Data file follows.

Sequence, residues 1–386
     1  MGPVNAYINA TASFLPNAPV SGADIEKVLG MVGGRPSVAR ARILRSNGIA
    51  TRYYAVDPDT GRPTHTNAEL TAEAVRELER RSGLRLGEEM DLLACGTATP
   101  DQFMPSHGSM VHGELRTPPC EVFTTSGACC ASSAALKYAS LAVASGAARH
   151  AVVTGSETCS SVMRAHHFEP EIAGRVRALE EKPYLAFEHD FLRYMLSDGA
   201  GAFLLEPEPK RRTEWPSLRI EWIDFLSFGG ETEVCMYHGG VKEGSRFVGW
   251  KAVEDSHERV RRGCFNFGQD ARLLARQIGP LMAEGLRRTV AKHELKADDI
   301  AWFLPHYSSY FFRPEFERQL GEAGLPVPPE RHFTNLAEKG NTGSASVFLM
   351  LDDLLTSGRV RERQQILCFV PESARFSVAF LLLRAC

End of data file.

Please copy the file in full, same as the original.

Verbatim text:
Sequence, residues 1–386
     1  MGPVNAYINA TASFLPNAPV SGADIEKVLG MVGGRPSVAR ARILRSNGIA
    51  TRYYAVDPDT GRPTHTNAEL TAEAVRELER RSGLRLGEEM DLLACGTATP
   101  DQFMPSHGSM VHGELRTPPC EVFTTSGACC ASSAALKYAS LAVASGAARH
   151  AVVTGSETCS SVMRAHHFEP EIAGRVRALE EKPYLAFEHD FLRYMLSDGA
   201  GAFLLEPEPK RRTEWPSLRI EWIDFLSFGG ETEVCMYHGG VKEGSRFVGW
   251  KAVEDSHERV RRGCFNFGQD ARLLARQIGP LMAEGLRRTV AKHELKADDI
   301  AWFLPHYSSY FFRPEFERQL GEAGLPVPPE RHFTNLAEKG NTGSASVFLM
   351  LDDLLTSGRV RERQQILCFV PESARFSVAF LLLRAC